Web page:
It's no secret that cannabis is expected to be one of the hottest growth trends over the next decade. Following the legalization of adult-use marijuana last October in Canada, and the steady push toward legalization in select U.S. states, worldwide weed sales have more than tripled over the past four years, through 2018. And according to the State of the Legal Cannabis Markets report from Arcview Market Research and BDS Analytics, global sales could quadruple by the time 2024 rolls around.

Unfortunately, these long-term growth projections haven't been enough to buoy cannabis stock valuations of late. Over the past six months, a number of brand-name pot stocks have seen half or more of their market cap disappear.

Cannabis buds packed into a clear jar that's lying atop a small pile of cash.

Image source: Getty Images.

Consensus sales estimates for 2020 are plummeting for brand-name pot stocks

And valuations aren't the only thing that's gone up in smoke of late. A look back at Wall Street's consensus 2020 sales estimates for a number of top marijuana stocks as of mid-April, versus where they are now, reveals a significant deterioration in expectations. This revenue decline is especially notable for Canada's marijuana kingpins: Canopy Growth (NYSE:CGC), Aurora Cannabis (NYSE:ACB), and Cronos Group (NASDAQ:CRON).

Back in mid-April, Wall Street's consensus sales estimate for fiscal 2020 (not to be confused with calendar year 2020) for each of these companies were as follows (in U.S. dollars):

  • Canopy Growth: $594.5 million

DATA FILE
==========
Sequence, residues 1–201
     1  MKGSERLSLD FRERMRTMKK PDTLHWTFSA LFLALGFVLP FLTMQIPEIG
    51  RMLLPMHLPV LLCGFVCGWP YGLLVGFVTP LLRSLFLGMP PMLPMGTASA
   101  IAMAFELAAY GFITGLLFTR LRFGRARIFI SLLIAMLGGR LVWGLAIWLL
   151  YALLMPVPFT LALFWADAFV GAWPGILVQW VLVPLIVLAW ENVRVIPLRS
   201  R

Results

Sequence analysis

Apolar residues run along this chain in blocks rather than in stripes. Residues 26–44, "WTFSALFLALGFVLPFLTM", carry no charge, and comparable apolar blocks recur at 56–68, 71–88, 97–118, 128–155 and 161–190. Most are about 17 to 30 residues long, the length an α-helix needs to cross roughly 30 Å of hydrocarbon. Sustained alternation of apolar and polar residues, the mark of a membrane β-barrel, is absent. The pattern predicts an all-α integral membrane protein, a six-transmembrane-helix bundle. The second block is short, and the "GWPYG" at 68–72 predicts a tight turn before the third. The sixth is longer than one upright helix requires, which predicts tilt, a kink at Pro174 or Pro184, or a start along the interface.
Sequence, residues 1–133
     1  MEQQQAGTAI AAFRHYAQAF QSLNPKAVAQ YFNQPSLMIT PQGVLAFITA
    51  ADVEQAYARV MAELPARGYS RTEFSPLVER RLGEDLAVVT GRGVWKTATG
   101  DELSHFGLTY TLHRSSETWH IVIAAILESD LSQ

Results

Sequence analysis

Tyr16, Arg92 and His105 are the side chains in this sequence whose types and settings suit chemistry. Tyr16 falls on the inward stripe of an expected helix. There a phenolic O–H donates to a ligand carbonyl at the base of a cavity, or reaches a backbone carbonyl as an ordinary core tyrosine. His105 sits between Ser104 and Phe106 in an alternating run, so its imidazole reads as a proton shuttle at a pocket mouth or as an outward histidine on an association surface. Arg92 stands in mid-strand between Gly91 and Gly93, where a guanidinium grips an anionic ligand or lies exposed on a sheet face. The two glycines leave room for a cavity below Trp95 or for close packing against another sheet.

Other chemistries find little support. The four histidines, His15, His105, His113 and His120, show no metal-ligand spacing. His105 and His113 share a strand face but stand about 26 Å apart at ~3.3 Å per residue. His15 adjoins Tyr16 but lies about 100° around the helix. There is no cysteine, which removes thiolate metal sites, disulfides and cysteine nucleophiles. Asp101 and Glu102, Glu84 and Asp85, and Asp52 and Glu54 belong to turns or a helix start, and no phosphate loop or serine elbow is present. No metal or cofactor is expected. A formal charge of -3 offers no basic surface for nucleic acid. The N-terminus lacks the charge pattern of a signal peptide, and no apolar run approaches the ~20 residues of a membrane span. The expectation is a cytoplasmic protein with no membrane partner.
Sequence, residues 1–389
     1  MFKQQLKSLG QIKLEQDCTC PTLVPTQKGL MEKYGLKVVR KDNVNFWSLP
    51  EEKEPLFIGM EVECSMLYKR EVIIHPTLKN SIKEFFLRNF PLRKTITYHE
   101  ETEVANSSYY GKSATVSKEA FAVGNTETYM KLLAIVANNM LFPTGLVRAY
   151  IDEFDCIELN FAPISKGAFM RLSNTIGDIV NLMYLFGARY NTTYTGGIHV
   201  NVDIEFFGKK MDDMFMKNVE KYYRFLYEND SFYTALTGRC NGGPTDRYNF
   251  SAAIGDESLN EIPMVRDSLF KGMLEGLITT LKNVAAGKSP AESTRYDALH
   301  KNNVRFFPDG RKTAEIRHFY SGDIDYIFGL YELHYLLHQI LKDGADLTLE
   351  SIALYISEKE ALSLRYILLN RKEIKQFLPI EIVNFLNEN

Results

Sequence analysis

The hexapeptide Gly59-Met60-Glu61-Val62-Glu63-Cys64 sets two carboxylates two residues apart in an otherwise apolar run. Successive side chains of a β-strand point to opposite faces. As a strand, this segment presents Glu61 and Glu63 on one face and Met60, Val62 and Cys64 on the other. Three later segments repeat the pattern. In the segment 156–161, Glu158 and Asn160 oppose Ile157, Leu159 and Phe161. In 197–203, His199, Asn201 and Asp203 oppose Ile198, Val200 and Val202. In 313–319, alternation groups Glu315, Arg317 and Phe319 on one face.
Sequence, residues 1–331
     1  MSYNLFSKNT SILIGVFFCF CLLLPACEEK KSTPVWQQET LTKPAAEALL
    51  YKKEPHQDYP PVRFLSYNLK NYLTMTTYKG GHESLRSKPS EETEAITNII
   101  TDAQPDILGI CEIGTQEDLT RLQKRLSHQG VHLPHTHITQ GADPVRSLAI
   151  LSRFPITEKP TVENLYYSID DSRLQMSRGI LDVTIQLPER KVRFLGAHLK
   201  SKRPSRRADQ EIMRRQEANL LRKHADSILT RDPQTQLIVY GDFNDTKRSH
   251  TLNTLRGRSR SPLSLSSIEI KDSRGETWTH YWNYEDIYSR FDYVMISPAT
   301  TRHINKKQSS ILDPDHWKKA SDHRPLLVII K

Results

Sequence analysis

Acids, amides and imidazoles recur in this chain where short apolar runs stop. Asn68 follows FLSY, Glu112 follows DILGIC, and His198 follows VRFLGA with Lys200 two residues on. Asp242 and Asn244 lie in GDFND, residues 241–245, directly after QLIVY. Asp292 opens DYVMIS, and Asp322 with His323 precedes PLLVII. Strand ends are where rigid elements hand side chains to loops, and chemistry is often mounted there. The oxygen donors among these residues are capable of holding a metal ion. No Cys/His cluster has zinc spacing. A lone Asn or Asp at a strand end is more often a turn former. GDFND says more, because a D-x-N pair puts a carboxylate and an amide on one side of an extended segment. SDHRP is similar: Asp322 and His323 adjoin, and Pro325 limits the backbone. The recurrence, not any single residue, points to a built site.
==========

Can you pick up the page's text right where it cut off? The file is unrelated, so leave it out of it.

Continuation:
• Aurora Cannabis: $642.8 million
  • Cronos Group: $142.7 million

And here's a look at where things stood as of the second week of October:

  • Canopy Growth: $466.8 million
  • Aurora Cannabis: $436.6 million
  • Cronos Group: $110 million

For those of you keeping score at home, over the past six months we've witnessed a reduction in estimated fiscal 2020 sales of 21%, 32%, and 23%, respectively, for Canopy Growth, Aurora Cannabis, and Cronos Group. Mind you, these three pot stocks are the face of the Canadian marijuana industry, as evidenced by their billion-dollar market caps.

A cannabis leaf in place of the maple leaf on the Canadian flag, with the words Sold Out stamped across the flag.

Image source: Getty Images.

Three reasons Aurora, Canopy, and Cronos have lost their mojo

How have things gone so wrong, so fast for the budding marijuana industry? Let's take a closer look.

1. Canadian supply issues aren't an easy fix

Seasoned cannabis stock investors are probably sick and tired of hearing about supply shortages in Canada, but the fact remains that we're a week shy of the one-year anniversary of adult-use sales commencing in our neighbor to the north, and shortages of product are still ongoing.

There are several factors at play that have stymied the ability of growers to bring product to market. Regulatory agency Health Canada has been buried in cultivation and sales license applications, while individual provinces have, at times, been slow to approve the licenses of dispensaries. Even growers take part of the blame for starting cultivation projects that won't be complete until sometime in 2020. Add all of this up, and you have the recipe for persistent supply shortages throughout Canada.